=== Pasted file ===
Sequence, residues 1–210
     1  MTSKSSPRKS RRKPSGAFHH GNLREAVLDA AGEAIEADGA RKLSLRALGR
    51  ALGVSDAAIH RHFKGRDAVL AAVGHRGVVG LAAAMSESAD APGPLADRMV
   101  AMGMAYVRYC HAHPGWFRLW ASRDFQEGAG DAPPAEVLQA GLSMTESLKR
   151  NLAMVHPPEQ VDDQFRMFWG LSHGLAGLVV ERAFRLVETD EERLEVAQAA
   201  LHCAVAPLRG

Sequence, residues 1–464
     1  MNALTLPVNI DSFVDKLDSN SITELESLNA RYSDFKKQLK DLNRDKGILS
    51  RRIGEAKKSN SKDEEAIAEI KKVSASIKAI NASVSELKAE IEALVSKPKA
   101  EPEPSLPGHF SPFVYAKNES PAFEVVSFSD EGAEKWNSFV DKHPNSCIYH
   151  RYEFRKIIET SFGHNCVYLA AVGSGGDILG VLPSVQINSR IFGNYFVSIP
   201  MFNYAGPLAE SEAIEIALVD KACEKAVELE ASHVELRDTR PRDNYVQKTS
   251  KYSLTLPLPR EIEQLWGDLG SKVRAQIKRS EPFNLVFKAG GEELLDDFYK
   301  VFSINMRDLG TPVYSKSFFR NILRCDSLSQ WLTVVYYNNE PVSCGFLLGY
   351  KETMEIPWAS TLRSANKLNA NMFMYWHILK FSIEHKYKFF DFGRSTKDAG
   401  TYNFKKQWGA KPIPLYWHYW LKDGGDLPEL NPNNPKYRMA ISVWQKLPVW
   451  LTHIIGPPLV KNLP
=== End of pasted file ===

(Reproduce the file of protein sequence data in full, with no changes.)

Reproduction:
Sequence, residues 1–210
     1  MTSKSSPRKS RRKPSGAFHH GNLREAVLDA AGEAIEADGA RKLSLRALGR
    51  ALGVSDAAIH RHFKGRDAVL AAVGHRGVVG LAAAMSESAD APGPLADRMV
   101  AMGMAYVRYC HAHPGWFRLW ASRDFQEGAG DAPPAEVLQA GLSMTESLKR
   151  NLAMVHPPEQ VDDQFRMFWG LSHGLAGLVV ERAFRLVETD EERLEVAQAA
   201  LHCAVAPLRG

Sequence, residues 1–464
     1  MNALTLPVNI DSFVDKLDSN SITELESLNA RYSDFKKQLK DLNRDKGILS
    51  RRIGEAKKSN SKDEEAIAEI KKVSASIKAI NASVSELKAE IEALVSKPKA
   101  EPEPSLPGHF SPFVYAKNES PAFEVVSFSD EGAEKWNSFV DKHPNSCIYH
   151  RYEFRKIIET SFGHNCVYLA AVGSGGDILG VLPSVQINSR IFGNYFVSIP
   201  MFNYAGPLAE SEAIEIALVD KACEKAVELE ASHVELRDTR PRDNYVQKTS
   251  KYSLTLPLPR EIEQLWGDLG SKVRAQIKRS EPFNLVFKAG GEELLDDFYK
   301  VFSINMRDLG TPVYSKSFFR NILRCDSLSQ WLTVVYYNNE PVSCGFLLGY
   351  KETMEIPWAS TLRSANKLNA NMFMYWHILK FSIEHKYKFF DFGRSTKDAG
   401  TYNFKKQWGA KPIPLYWHYW LKDGGDLPEL NPNNPKYRMA ISVWQKLPVW
   451  LTHIIGPPLV KNLP